Author: Brian A. McHenry / Source: Information Security Buzz
Complexity is the enemy of security. I first heard this truism from an interview with Bruce Schneier way back in 2001. In the years since, infrastructures have only grown more complex. Virtualization in its many forms is a chief contributor to complexity. Containers within hypervisors within clouds within data centers. As we’ve seen the barriers to rapid deployment fall, complexity and sprawl of infrastructures has grown. Application-layer technologies continue to advance, creating vulnerabilities ripe for exploitation. In attempting to combat attacks on these complexity-related vulnerabilities, the complexity problem is worsened by adding one point security solution after another in the data path.
In general, we infosec practitioners have gotten very proficient at network security. The complexity is largely at the application layer, and successful attacks for everything from data breaches to account compromise to DDoS are most often attributed to application layer exploit. Organizations like OWASP and ISSA have done great work in raising visibility around application security. Technologies like web app firewall (WAF), runtime application self protection (RASP), bot detection, and fraud protection have become much more common as a means of enriching and enhancing the security posture of the application code.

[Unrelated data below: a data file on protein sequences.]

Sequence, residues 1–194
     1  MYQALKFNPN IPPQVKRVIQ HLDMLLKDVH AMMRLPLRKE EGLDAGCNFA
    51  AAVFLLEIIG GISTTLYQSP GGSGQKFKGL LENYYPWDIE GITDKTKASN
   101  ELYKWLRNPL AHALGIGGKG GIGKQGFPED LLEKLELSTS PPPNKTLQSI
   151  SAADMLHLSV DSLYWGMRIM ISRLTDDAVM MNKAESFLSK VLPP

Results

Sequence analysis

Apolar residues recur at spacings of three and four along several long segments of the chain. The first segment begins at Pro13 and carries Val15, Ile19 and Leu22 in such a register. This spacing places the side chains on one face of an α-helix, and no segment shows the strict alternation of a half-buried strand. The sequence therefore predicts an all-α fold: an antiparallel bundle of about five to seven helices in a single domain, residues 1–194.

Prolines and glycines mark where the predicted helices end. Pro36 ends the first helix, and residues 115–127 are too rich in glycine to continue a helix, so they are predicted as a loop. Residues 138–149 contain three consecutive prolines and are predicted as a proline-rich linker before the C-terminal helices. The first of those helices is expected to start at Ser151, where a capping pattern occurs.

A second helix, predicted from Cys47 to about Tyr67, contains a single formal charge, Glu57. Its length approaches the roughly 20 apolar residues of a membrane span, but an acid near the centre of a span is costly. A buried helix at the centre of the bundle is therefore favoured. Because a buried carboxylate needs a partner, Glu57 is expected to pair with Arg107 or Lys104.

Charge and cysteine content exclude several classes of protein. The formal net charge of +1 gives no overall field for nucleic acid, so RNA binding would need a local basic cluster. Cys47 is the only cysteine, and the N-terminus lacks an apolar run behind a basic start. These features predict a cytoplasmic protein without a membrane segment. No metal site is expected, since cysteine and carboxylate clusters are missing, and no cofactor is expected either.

Recently, with many cloud platforms (IaaS, PaaS, etc.) providing a great deal of built-in security, and the rise of container-based deployment models, it’s become fashionable to over-simplify the network infrastructure. Network-level security controls such as segmentation and firewalls are taken for granted as adding obstacles to the flexibility of the cloud. While complexity may be the enemy of security, over-simplifying removes security controls that are the foundation of our proficiency at that layer.
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